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Meetings – False Friends

Meetings – False Friends

There are three words to watch out for when talking about scheduling a meeting. Can you correct the false friends? Read on for the explanation.

In the text below someone is trying to set-up a meeting, there are three false friends: report, assist and fix.

We must report the meeting as the client cannot assist. Could you send me your availabilities so I can fix the meeting?

faux amis: fixer, reporter, assister

French – English False Friends

reporter – report

In French, we can say  la réunion a été reporté de 24 heures (meaning the meeting was delayed by a day).

In English, the verb report only has one meaning: to tell people what has happened, usually in an official manner. For example, Lidia didn’t want to report Joseph to the boss for stealing office supplies.

In this case we want to use postpone. Another choice that is more idiomatic is push back.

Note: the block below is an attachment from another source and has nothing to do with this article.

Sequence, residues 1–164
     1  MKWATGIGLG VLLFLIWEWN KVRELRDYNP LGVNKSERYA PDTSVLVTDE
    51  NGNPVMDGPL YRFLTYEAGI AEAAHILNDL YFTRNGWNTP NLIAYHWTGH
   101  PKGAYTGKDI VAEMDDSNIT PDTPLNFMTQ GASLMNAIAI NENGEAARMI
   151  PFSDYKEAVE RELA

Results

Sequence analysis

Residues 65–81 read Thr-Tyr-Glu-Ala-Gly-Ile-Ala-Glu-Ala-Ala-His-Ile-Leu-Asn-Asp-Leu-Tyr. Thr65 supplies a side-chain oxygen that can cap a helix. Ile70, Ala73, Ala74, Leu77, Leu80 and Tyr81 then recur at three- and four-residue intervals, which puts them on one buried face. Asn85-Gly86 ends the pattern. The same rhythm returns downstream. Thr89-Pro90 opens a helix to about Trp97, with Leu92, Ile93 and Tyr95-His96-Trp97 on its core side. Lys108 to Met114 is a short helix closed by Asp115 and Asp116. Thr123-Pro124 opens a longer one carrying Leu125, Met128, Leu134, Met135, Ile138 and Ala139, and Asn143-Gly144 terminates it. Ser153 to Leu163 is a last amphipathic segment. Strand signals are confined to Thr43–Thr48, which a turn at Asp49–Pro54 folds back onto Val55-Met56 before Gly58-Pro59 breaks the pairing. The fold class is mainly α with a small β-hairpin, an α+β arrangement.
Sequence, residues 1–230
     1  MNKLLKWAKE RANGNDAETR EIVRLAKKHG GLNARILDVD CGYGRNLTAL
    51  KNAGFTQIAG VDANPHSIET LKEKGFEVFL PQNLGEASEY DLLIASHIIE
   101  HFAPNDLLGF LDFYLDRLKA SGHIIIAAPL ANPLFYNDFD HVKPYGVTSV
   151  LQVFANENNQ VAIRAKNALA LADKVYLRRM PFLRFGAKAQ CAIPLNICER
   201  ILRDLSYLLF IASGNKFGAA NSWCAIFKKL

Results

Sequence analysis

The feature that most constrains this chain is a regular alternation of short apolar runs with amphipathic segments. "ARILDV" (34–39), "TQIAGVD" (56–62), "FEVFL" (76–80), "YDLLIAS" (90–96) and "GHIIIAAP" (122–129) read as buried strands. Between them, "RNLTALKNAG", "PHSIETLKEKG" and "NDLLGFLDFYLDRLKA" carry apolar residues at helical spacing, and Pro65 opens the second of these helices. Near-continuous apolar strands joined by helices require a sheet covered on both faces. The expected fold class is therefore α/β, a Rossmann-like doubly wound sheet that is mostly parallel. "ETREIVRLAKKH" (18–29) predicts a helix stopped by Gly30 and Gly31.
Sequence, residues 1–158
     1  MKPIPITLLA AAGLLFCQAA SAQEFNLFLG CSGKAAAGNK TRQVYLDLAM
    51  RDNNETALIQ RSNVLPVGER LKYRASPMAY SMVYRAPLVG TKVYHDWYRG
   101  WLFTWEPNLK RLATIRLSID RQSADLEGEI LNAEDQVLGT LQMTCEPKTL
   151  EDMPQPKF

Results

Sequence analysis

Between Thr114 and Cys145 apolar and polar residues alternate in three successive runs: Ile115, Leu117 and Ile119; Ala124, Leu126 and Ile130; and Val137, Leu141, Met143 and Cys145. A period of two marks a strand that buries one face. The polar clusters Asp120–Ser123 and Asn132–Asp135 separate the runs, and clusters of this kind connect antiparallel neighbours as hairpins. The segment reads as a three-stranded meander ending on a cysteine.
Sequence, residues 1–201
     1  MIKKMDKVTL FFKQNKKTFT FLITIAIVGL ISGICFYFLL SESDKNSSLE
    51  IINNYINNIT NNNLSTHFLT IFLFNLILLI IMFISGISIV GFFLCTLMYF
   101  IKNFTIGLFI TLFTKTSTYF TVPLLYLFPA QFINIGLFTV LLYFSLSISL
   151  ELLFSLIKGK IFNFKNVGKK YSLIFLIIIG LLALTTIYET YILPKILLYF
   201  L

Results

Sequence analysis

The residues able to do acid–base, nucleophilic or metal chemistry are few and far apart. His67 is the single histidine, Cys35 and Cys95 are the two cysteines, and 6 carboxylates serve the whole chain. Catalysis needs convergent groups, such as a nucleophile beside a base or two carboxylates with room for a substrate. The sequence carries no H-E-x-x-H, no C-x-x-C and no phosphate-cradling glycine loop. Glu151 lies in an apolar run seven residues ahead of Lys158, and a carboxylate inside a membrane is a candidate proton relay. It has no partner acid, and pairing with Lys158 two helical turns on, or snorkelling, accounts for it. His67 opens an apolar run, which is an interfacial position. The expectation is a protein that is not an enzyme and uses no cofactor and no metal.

assister – assist

In French, we can say assister à une réunion (meaning that someone goes to a meeting).

We can’t say this in English, because assist only means to help someone.

Instead we say attend a meeting.


fixer – fix

In French, we can decide on a precise date or time by using the verb fixer:  fixer une heure de départ.

In English, fix can only be used to mean repair: we fixed the issue before the client noticed.

Instead say: set a meeting time or schedule the meeting.

Now our message reads:

We must postpone the meeting as the client cannot attend. Could you send me your availabilities so I can set a new time for the meeting?

A final note:

We could use the word reschedule in this message as well: We must reschedule the meeting as the client cannot attend. Could you send me your availabilities so I can reschedulethe meeting?

I wouldn’t use it in both places in the same message, but it could be used nicely in either place.

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